For new business owners, starting a new venture from scratch can be a daunting task. Where should you start? How will you find customers? How much are people willing to pay for your product or service? These are just a few questions every small business owner may ask as they ramp up operations.
The fact is small businesses help create new jobs and stimulate economic prosperity in their communities. But to get started as a business owner, it’s important to tap into the resources that will help you grow. Whether you’re based in the US or Canada, both offer several government resources to help you start and grow a business. Below is a list of resources for each country.
Government Resources Available for Small Businesses in the US
Business.USA: This government site is a great place to start your online research because it includes an online questionnaire and nearly 200 free, training resources. Here, you can locate business events and business assistance centers in your area, plus learn more about government contracting or exporting goods. The site also features business resources specifically for female business owners, military veterans, the socially and economically disadvantaged, and American Indians and Alaskan natives.
Export.gov: If you’re planning to export goods outside the US, check out the resources on this government website. In particular, the International Buyer Program could help match you with international buyers interested in the goods you’re offering. The website also has a FAQs page to get advice on required paperwork and other aspects of exporting.
SBA.gov: The US Small Business Administration (SBA) has a ton of free programs and resources. Here’s a breakdown of some options to explore:
- Blogs – Starting a Business: The SBA blog covers the basics of starting a business, including understanding the tax obligations of business owners and creating an operating agreement. In Starting a Business, you’ll also find information on hiring and retaining employees and writing a business plan.
- Contracting: SUB-Net is SBA’s database of subcontracting opportunities. Subcontracting from a major government contractor can bring work your business may not land on its own so, depending on the nature of your business, this might be an avenue to consider.
- Emerging Leaders Initiative: This 7-month federal training program assists executives of high-potential businesses in historically challenged communities. Executives work with business mentors, attend workshops and build connections.
- SBA Loan Program: General small business loans, smaller microloans and disaster loans can provide upfront capital to help you start or grow a business. The SBA doesn’t actually lend money but does set guidelines for its partners, which includes lenders and community development organizations.
- Startup America: This White House initiative is aimed at removing barrier to entrepreneurship and helping American entrepreneurs thrive. This includes expanding access to funding, providing entrepreneurship education and encouraging collaboration between large companies and startups.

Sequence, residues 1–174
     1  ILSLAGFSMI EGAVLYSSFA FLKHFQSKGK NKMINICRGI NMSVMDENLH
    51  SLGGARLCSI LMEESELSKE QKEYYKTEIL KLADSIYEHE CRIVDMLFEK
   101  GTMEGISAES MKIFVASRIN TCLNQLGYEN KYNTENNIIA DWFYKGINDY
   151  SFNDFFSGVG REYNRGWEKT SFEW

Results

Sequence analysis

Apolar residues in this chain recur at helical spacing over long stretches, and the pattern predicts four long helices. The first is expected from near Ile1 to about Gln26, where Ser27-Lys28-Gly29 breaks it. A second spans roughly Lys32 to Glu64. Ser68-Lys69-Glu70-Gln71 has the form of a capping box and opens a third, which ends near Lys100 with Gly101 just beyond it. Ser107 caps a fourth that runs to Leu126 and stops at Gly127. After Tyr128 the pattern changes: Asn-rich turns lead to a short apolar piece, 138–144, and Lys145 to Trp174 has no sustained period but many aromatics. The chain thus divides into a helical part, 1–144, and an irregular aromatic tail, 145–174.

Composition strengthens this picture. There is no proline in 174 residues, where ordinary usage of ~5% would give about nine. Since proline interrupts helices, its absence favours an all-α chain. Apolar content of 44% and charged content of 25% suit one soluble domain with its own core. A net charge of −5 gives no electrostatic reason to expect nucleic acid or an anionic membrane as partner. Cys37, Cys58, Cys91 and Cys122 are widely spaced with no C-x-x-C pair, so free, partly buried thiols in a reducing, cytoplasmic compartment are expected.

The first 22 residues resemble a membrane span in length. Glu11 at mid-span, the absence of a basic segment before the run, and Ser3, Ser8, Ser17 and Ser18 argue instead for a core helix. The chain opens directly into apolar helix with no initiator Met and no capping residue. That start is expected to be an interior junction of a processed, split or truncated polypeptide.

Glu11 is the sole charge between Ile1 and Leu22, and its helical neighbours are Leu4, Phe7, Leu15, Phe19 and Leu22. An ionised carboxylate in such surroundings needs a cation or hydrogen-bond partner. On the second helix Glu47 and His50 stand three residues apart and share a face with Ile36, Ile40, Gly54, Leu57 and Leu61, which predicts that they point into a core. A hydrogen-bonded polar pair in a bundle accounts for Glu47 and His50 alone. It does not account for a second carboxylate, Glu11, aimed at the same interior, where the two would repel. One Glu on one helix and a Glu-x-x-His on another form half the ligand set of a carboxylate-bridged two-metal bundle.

SCORE.org: Supported by the US Small Business Administration, sign up for webinars, local workshops or find a volunteer business mentor in your area who can answer your business questions through SCORE. It also offers video mentoring where you can connect with a mentor through FaceTime or Skype regardless of geography.
STOPfakes.gov: The International Trade Administration, US Department of Commerce manages a website aimed at educating the public around counterfeit goods and intellectual property rights violations. Through the site, you can take an online course and receive help on protecting intellectual property and resolving intellectual property issues.
USPTO.gov: If you need a patent or trademark to protect your intellectual property, you can get an overview of the process (including an explanation of fees), search for existing patents, trademarks and more.
In addition to national resources available to business owners, your state may also have programs that provide advice, mentoring and other resources to small businesses in your state. For instance, Texas has a website for small business owners and Oregon has an Office for Small Business Assistance. BusinessUSA has an interactive map that can help you locate state and local resources. This is just starting point to help you on your business journey, so be sure to research other resources in your area.
North of the Border: Government Resources Available for Small Businesses in Canada
Apprenticeship Job Creation Tax Credit: If you’ve hired apprentices after May 1st, 2006, your business may be eligible for a non-refundable tax credit equal to 10 percent of the salaries and wages paid to eligible apprentices. Your apprenticeship program must be designed to certify or license individuals in the trade, and the contract must be registered with a federal, provincial or territorial government.